And shop seasonal foods! Last year the blackberry crop was amazing and almost every other week the large cartons were like …1.48…

I seriously ate my body weight in them!

Shopping seasonal on fruits and veggies is an economical way to eat healthy.

One thing our store has started doing is bagging produce that needs to move and marking it 50% off.

Let me tell you… I troll that dept heavy now looking for those tags! I’ve also experimented with new foods because they were on sale.

You may check to see if your store offers those mark downs.

Frozen foods

I understand sometimes the fresh stuff can go bad on you. It won’t if you plan meals with it 😉

Anyway, frozen offers healthy foods, and they won’t spoil.

Corn, broccoli, mixed veggies, snap peas, black eyed peas, stir fry mix, edamame and fruits are all good frozen choices. ( I personally do not care for the green beans or cauliflower as I think they are bland and the beans are usually tough) if you can’t get fresh green beans ( the best) canned are a tastier choice.

The bottom line

I buy a variety of foods for my family. Treats are an enjoyable part of life but I also shop to buy nutritionally healthy foods too.

Buying a bag of apples or oranges is usually wthin the price range of a package of Nutter Butter cookies or Oreos.

Do both have an appropriate place? Yes.

Is one more important to a healthy lifestyle than the other? Absolutely.

Can we then suggest eating healthy is more costly than eating food that offers less nutritional benefits?

No. And why?

Because it comes back to what I started with. We are responsible for what we buy and eat. We are responsible for the food choices we make, good or not so good.

There are many, many healthy and affordable food options. We are not victims who have to eat junk food because it’s more “affordable”.

That’s the lie I’m sick of seeing circulated.

Healthy eating is quite affordable, however, you must be willing to eat that way and choose the healthier options that are available.

Tell me, do you think eating healthy is more eexpensive than eating non healthy foods? What are some of your favorite cost effective healthy foods/meals?

Food Isn’t A Reward

nofoodasreward

I heard it again the other day… it makes me twitch… it makes me feel sorry for people… it makes me wanna shake them… I refrain.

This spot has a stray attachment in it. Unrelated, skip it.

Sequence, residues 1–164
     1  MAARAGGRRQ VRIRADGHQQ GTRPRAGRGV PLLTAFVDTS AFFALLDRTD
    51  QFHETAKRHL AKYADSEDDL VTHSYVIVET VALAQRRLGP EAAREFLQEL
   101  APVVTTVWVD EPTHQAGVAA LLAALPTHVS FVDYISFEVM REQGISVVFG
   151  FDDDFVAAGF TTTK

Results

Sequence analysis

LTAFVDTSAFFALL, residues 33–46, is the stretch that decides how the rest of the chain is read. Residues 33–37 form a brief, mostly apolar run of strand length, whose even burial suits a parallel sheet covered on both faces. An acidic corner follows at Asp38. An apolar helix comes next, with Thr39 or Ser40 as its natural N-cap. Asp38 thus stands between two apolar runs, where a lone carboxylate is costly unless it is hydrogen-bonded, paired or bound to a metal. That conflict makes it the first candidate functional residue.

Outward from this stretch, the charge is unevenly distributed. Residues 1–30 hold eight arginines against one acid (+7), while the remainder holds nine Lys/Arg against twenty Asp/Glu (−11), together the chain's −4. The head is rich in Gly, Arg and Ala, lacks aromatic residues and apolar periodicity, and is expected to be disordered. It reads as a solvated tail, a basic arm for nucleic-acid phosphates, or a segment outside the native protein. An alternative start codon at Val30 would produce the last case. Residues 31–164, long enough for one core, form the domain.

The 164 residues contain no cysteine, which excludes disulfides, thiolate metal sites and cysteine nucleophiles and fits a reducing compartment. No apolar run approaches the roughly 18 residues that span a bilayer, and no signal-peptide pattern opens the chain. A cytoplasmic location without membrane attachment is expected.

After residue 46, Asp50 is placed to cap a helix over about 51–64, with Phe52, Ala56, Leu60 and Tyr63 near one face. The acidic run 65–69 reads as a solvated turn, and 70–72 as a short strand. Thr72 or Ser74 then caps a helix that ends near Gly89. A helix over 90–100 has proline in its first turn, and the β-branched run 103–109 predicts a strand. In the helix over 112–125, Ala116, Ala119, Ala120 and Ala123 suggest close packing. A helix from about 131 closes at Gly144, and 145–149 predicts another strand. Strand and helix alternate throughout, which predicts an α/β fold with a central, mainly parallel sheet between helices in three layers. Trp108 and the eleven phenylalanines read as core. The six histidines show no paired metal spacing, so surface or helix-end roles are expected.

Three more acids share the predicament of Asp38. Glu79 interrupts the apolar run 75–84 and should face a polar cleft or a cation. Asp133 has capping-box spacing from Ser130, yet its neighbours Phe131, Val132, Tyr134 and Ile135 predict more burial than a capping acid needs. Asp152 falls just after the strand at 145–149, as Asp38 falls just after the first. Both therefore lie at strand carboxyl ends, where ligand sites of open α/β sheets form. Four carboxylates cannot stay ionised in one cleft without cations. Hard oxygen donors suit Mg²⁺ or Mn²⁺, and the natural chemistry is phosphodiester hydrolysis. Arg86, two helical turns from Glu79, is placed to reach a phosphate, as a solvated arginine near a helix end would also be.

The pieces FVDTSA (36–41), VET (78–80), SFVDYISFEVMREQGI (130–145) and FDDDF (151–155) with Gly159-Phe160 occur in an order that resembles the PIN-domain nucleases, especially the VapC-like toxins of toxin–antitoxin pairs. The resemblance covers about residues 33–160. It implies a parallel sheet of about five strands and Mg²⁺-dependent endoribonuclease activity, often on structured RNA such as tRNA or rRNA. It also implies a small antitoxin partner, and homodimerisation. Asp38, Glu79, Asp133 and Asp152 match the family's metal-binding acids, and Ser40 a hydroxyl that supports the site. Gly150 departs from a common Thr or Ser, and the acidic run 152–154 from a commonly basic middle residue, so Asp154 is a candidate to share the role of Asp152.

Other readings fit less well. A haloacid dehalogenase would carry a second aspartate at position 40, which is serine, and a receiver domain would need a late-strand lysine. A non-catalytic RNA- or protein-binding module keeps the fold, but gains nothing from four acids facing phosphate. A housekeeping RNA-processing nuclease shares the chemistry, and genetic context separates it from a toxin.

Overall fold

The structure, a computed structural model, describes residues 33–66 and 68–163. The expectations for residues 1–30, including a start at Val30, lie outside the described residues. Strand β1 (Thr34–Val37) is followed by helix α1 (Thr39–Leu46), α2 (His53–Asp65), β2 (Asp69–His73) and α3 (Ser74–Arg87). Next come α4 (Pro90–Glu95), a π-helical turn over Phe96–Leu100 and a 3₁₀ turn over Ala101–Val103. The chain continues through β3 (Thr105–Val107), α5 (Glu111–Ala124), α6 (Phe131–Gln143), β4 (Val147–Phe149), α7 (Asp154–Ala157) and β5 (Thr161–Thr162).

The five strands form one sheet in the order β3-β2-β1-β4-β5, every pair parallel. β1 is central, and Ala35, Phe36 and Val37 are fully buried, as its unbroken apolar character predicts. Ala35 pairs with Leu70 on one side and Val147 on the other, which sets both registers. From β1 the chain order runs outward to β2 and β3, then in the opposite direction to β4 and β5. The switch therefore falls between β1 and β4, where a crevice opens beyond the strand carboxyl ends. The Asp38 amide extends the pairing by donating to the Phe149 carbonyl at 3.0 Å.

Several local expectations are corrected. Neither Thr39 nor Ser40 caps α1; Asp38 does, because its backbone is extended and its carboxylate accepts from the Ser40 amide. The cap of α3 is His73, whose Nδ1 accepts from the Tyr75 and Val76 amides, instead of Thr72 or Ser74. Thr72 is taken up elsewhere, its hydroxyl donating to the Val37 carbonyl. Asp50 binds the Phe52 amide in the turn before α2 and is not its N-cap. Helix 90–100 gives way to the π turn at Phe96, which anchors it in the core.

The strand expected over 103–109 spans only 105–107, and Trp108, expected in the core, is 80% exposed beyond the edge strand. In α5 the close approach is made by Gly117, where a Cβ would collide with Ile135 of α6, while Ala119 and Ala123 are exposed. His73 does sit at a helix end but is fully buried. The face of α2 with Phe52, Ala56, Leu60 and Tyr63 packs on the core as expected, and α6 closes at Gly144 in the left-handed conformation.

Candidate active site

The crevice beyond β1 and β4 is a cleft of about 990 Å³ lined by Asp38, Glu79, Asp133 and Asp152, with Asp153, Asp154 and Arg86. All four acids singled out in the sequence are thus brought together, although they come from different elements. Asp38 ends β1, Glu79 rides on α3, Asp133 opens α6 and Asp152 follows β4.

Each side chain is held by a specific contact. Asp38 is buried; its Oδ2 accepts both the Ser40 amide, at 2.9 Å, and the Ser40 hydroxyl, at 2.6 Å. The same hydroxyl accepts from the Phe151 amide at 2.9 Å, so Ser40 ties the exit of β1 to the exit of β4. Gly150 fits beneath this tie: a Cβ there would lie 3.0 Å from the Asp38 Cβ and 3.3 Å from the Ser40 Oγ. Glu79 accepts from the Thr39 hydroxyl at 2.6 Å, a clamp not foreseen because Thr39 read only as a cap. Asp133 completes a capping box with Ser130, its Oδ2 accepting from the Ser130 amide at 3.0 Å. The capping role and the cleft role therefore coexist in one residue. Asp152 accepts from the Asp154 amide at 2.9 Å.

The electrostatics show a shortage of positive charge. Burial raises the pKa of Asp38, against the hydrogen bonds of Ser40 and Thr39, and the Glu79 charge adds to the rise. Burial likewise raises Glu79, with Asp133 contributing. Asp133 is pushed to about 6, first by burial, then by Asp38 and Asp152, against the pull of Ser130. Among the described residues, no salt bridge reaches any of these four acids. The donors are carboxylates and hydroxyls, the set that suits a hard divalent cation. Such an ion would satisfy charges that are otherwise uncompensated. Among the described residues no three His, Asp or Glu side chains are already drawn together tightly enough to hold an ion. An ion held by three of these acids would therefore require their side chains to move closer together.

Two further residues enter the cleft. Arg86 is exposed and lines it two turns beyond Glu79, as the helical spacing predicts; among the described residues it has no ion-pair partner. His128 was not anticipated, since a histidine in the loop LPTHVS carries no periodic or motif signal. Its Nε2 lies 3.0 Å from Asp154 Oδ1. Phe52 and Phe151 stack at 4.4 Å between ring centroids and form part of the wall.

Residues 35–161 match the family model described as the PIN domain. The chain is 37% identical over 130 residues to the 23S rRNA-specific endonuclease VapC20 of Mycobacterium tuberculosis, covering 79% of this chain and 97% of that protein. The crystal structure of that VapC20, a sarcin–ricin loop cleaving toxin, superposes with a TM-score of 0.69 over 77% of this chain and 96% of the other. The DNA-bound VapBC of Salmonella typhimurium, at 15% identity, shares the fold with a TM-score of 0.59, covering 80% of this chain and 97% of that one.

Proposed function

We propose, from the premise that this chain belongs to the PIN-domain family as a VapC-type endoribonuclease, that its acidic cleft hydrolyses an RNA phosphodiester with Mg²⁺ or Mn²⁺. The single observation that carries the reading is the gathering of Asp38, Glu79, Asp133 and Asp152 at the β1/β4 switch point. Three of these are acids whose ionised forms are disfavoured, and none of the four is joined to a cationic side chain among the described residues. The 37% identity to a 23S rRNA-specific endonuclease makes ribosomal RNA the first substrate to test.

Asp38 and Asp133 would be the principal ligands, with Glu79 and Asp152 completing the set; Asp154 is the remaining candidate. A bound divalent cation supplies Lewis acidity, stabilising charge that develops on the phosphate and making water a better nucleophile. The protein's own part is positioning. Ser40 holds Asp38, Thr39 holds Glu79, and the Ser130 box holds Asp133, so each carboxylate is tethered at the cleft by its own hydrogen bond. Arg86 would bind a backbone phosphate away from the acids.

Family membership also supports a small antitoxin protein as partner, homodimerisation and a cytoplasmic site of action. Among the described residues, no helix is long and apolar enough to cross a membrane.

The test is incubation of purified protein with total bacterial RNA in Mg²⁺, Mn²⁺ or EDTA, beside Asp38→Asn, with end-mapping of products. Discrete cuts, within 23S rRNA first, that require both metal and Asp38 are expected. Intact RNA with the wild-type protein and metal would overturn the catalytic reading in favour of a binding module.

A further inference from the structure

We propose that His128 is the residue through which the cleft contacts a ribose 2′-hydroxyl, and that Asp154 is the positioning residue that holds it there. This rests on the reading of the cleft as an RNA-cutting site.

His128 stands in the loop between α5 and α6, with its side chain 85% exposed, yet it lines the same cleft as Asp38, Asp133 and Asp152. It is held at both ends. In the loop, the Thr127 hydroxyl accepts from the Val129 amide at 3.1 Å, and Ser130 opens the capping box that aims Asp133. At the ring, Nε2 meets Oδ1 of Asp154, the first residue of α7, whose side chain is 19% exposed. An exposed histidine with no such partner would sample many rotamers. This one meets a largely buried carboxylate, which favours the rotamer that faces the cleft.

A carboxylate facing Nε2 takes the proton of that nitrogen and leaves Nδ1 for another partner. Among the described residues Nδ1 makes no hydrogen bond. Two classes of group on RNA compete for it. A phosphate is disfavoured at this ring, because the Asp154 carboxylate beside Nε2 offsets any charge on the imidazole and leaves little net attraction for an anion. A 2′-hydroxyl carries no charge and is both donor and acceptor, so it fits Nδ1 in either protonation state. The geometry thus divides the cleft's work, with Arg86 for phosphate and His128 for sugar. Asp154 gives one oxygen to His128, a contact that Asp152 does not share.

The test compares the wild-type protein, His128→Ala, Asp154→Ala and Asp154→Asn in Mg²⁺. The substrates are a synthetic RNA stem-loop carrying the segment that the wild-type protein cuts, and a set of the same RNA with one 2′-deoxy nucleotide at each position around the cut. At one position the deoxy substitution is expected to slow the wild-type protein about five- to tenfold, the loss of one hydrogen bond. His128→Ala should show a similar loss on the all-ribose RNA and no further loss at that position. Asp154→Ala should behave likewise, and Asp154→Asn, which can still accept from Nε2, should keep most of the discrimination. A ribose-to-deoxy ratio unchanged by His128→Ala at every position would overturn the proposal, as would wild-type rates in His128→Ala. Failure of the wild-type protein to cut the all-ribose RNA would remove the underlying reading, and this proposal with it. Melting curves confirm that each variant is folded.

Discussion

What is it you ask that evokes such emotion in me? I shall tell you.

Hearing someone say…. “well, I ate to much yesterday so I really need to put in some extra work out time”

Maybe around the holidays you start seeing these cheesy meme’s pop up with various treats on them and if you ate whatever treat you have to do so many specific exercises to work it off. Often there’s the slogan “Negate what you ate!” over it.

Nonsense.

These thoughts make me nuts.

First of all, you cannot work off what you did the day before. You can get up and start over and keep moving forward.

OR do you flip it with thoughts like this… ” I worked out really hard today I deserve this!” or “it’s been a hard day, it’s my reward”

We have to stop looking at food as a punishment and reward system. We need to stop treating exercise as a punishment for our bad eating behavior, like it’s a necessary chore to be done so we can eat or so we can reward ourselves with food.

Do you see how twisted it all is?

Food shouldn’t be used as a reward and we shouldn’t have a view that exercise is punishment for us.

Yet, it is a common thought for way to many people today.

Food should be used to nurture and fuel our bodies. It should be enjoyed and savored in a reasonable way.

When we over eat or binge there can be a tendency to maybe think we can alter or change what we’ve taken in. We feel bad about what we’ve done so we do things like extra hard or extra long workouts to balance it out. Or we excessively cut our food intake.

Or we THINK we are balancing it out.

We have a distorted view of exercise that it’s a punishment we must endure ( ok, in all fairness, in the beginning you might feel that way 😉

But it shouldn’t be something you churn out to feel ok about having food.

You don’t have to make apologies for having food to nourish your body.

You don’t need to punish your body if you’ve eaten more than you think you should have.

You don’t have to resort to extreme restrictions of food if you over did it at a meal.